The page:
#8 Saint Albertus Magnus Was Called “Boots the Bishop”
Pope Alexander IV appointed St. Albertus Magnus as the Bishop of Regensburg in 1260. The Saint’s ascent in the church hierarchy did not affect his simple lifestyle, which was proper for a Dominican friar. During the fulfillment of his duties, he refused to ride on a horse and instead walked around his Diocese. Because he would travel by foot, his parishioners affectionately called him “Boots the Bishop.”
#9 Saint Albertus Magnus Was Credited for the Discovery of Arsenic
In 1250, St. Albertus Magnus discovered arsenic, a chemical element. It naturally occurs in many minerals found in nature. Even though arsenic compounds were already in use, it was St. Albertus Magnus who first isolated and identified arsenic by heating soap together with a mineral called orpiment, or arsenic trisulphide.
#10 Saint Albertus Magnus Was Rumored to Be Involved in Witchcraft
Despite the popularity and admiration enjoyed by St. Albertus Magnus, critics attempted to ruin his reputation. They spread rumors about his involvement in necromancy and magic, which the Saint strongly opposed. Others claimed that he made a satanic automaton out of brass that could speak by itself. Some legends said he created gold by “transmutation” and discovered the most sought-after philosopher’s stone. Much of the literature about alchemy attributed to St. Albertus Magnus, such as Secreta Alberti or the Experimenta Alberti, arose from confusion of authorship. His authentic writings did not delve much into alchemy. Such false attribution may have been intended to increase the popularity of these works by association with St. Albertus Magnus.
#11 Saint Albertus Magnus Ushered in the Development of Scholastic Philosophy
St. Albertus Magnus heavily influenced the growth of scholastic philosophy in the Medieval Age. He started the scholastic movement to reconcile faith and reason, which were previously viewed as diametrically opposed. He also succeeded in infusing Aristotelianism into the study of Christian theology, which was supplemented by his student, St. Thomas Aquinas.
#12 Saint Albertus Magnus’ Legacy Lives On
As a tribute to his legacy in the formation of scholastic discipline, several educational institutions have been named after St. Albertus Magnus in Germany, Nicaragua, the United States of America, and the Philippines. A church in Leopoldeshafen, Germany, and one in Gauteng, South Africa, were also named after the Saint. In 1932, a display typeface known as “Albertus” was created and named after St. Albertus Magnus. In addition, two scientific discoveries were named in honor of the Saint, a plant known as “Alberta magna” and an asteroid called “20006 Albertus Magnus.”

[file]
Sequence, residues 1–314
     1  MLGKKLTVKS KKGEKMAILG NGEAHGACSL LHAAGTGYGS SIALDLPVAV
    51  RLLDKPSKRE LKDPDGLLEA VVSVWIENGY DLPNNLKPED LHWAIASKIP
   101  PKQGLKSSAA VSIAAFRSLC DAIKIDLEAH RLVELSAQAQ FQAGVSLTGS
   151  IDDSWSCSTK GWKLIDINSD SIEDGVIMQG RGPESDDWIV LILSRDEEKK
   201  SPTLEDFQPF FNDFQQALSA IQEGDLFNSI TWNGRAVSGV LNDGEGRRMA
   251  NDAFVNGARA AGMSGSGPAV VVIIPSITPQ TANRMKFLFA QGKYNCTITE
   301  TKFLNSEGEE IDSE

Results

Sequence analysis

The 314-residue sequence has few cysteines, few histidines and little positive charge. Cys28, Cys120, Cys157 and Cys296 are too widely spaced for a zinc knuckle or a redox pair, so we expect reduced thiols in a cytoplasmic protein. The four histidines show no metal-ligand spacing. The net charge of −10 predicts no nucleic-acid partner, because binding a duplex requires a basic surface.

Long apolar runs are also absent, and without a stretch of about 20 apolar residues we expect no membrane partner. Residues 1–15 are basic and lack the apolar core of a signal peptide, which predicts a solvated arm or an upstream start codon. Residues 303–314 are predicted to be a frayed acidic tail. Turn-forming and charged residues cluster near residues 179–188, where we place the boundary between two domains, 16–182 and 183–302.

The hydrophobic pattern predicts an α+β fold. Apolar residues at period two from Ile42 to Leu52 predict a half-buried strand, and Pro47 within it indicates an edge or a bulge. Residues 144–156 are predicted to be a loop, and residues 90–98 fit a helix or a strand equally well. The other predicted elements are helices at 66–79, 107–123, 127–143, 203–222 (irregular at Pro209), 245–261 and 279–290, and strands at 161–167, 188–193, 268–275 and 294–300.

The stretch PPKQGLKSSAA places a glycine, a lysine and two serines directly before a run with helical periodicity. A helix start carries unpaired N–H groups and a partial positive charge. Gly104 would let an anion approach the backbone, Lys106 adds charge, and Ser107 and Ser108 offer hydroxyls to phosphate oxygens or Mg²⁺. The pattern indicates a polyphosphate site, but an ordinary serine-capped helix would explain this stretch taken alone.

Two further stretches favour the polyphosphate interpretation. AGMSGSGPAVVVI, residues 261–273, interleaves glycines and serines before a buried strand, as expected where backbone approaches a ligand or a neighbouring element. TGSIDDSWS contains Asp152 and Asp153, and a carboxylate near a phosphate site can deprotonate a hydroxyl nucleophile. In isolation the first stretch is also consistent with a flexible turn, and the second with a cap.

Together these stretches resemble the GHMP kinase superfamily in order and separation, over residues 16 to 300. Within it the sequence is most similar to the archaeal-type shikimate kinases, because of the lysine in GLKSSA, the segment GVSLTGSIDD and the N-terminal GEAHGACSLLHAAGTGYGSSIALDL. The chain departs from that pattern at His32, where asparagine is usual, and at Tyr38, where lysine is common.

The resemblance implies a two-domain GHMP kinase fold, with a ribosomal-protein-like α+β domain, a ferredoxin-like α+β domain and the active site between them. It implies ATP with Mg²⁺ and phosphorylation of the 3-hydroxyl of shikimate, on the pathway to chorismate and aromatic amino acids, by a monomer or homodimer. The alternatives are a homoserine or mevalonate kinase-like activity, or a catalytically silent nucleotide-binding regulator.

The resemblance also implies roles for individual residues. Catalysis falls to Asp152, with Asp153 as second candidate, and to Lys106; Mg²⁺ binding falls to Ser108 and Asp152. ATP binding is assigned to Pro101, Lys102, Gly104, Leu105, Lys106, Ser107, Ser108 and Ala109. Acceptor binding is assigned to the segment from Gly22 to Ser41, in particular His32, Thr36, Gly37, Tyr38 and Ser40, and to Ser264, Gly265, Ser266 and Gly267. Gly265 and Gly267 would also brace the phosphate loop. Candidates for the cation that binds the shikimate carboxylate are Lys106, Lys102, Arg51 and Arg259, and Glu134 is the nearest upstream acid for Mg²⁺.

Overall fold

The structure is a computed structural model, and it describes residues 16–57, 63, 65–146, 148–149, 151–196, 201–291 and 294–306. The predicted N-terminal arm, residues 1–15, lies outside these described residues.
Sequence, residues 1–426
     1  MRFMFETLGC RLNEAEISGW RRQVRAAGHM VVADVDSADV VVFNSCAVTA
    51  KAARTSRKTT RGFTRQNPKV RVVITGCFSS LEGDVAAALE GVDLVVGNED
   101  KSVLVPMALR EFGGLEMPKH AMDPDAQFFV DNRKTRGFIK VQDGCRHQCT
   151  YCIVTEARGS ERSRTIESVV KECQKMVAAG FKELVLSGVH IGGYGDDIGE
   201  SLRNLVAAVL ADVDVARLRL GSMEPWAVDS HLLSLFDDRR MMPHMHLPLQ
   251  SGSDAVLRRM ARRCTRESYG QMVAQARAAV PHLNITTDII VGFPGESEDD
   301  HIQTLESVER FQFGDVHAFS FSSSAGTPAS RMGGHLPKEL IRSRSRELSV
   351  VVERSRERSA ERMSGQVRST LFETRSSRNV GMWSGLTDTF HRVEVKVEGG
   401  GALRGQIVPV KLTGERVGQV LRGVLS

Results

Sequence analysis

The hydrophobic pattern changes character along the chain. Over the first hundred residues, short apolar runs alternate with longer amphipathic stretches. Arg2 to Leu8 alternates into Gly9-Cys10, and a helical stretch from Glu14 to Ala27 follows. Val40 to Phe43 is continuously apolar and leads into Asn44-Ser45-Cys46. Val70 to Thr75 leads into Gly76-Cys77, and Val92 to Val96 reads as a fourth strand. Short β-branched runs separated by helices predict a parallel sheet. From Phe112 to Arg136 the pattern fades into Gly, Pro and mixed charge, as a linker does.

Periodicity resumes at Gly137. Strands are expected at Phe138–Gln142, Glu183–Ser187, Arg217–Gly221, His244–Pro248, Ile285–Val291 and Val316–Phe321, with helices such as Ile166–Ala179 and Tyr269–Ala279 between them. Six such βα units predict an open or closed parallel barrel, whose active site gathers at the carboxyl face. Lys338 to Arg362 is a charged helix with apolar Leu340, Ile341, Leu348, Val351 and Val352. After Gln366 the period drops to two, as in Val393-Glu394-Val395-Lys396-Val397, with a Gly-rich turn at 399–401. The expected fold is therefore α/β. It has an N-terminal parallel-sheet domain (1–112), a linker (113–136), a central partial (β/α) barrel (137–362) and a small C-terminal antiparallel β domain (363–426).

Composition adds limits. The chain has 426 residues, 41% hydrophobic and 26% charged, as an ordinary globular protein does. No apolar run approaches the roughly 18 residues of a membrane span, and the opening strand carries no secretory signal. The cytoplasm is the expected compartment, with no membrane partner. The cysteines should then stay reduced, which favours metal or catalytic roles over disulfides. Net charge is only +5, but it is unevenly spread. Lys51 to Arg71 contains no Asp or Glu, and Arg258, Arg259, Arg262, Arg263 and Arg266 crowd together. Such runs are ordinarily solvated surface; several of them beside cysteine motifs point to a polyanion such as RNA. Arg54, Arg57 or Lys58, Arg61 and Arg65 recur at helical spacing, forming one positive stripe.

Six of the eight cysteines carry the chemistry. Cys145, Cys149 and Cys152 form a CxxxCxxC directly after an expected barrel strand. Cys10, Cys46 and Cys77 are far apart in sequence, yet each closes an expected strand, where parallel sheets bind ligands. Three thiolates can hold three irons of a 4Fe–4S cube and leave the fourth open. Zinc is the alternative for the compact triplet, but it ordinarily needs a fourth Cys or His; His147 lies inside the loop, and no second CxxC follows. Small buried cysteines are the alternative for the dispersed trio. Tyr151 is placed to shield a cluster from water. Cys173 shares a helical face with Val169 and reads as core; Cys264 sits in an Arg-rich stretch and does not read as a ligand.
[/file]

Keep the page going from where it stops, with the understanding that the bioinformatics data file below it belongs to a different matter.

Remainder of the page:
#13 Saint Albertus Magnus’ Has Five Names
Because of his impressive credentials and reputation during his tenure as a lecturer and servant of the Church, “Magnus” (which means “great”) was appended to St. Albertus Magnus’ name. The English translation of his name is St. Albert the Great. He is also known as St. Albert of Lauingen, St. Albert of Cologne (Albertus Coloniensis), St. Albert the German (Albertus Teutonicus), and Boots the Bishop.
#14 Saint Albertus Magnus Wrote 38 Volumes
In 1899, 38 volumes of his work were collected. St. Albertus Magnus published many spiritual writings on the sacraments, the Blessed Mother, and Sacred Scripture, as well as scholarly works in philosophy, theology, natural sciences, ethics, mathematics, and law. He was the first to interpret the majority of Aristotle’s writings, opening them up to a wider audience. His significant contributions extended to his ecclesiastical duties as a priest and, later, as a bishop of Regensburg (also known as Ratisbon) in Germany. His intellectual acumen was also devoted to the service of the pope, Alexander IV, and to the defense of the Catholic faith. His principal contributions to the Catholic Church’s theological reservoir include his Commentary on the Sentences of Peter Lombard and his defense of the writings of St. Thomas Aquinas after St. Thomas’ death in 1274.
St. Albertus Magnus lived a life of greatness, not because of his noble roots or reputation, but because of the sanctity of his life. His holiness is like a fuel to a lamp that burns for the love of God and for His Church. By his selfless offering of talent and knowledge, he has become an instrument for the salvation of many souls. May St. Albertus Magnus’ teachings pierce our hearts and minds and inspire us to find God in every aspect of our lives.
Natalie Regoli is a child of God, devoted wife, and mother of two boys. She has a Masters Degree in Law from The University of Texas. Natalie has been published in several national journals and has been practicing law for 18 years. If you would like to reach out to contact Natalie, then go here to send her a message.